Moo Loo set for 2020 launch

By: Chris McCullough

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The CowToilet is designed to help reduce ammonia emissions and maybe raise cash

The CowToilet targets a urinary reflex in cows.
The CowToilet targets a urinary reflex in cows

An automatic cow urinal will help dairy farmers meet tightening emissions regulations when they come into production in mid-2020, Dutch product developers Hanskamp says.

When cow manure and urine mix, ammonia is formed. If this is released into the air, it can precipitate, causing large amounts of nitrogen.

According to research from Wageningen University and Research (WUR) in The Netherlands, about 90 per cent of ammonia emissions come from agriculture.

And this is a big deal – The Netherlands has national limits in force to reduce gases, and dairy farmers have to pay high fees to meet ammonia emission and manure disposal requirements.

Hanskamp’s CowToilet is designed to target a well-known nerve reflex just above the udder in cows, which when stimulated causes them to urinate.

The CowToilet is placed against the cow's suspensory ligament and moves in unison with the cow. The technique locates the nerve, and once located, the nerve, which triggers the urinary reflex, is stimulated and the cow starts urinating.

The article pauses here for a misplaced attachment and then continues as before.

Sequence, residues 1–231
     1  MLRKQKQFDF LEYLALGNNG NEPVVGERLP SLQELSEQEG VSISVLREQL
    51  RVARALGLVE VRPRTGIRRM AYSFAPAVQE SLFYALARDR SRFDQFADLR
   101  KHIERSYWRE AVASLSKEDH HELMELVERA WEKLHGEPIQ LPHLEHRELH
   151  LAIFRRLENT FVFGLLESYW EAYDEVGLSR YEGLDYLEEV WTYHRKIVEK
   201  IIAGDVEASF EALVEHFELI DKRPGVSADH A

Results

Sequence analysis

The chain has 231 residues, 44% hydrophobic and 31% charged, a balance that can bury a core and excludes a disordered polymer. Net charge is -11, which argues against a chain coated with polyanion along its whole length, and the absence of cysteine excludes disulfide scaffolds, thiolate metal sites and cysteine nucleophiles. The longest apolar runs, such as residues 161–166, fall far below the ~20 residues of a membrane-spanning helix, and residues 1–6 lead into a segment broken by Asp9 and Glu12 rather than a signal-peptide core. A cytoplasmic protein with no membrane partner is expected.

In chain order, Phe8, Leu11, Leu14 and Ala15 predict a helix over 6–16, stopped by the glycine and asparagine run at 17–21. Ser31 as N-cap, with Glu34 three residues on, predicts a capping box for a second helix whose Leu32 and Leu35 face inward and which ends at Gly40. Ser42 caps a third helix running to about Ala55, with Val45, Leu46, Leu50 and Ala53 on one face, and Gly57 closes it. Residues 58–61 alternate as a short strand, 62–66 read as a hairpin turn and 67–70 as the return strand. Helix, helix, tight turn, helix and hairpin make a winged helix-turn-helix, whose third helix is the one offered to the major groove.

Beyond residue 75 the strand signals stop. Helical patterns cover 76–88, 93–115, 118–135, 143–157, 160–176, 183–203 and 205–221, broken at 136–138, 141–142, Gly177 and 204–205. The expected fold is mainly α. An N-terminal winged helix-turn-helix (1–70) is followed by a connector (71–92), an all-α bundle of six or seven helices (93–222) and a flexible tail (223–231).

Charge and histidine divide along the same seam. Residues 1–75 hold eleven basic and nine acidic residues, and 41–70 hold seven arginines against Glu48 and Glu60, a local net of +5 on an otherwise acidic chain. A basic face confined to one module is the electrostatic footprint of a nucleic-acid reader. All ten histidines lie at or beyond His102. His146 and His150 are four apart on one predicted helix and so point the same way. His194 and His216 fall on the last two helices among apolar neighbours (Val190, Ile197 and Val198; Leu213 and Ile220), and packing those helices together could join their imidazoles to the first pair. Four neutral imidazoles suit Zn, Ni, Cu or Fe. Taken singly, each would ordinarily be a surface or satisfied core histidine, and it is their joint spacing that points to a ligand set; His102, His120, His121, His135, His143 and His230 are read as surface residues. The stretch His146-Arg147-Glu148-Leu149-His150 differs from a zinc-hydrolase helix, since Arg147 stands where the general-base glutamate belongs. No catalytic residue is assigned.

The urine is collected in the CowToilet container and extracted through a suction line into a separate storage tank.

Cows go to and use the CowToilet voluntarily because each visit to the toilet is combined with the animals receiving their daily portion of feed.

As most of the urine is collected this results in a significant reduction in ammonia emissions, which is good for both the environment and animal welfare, as well as providing a healthier climate in the shed, says Hanskamp.

The CowToilet also offers economic advantages as it saves on manure storage costs and may even be an alternative to ammonia emission-reducing floors, Hanskamp says.

As a welcome sideline, using the CowToilet may even provide some income as pure urine can be used as a high quality raw material in, for example, precision fertilisation.

There are also ongoing developments in which urine is used to generate 'yellow' power or as a source of hydrogen. 

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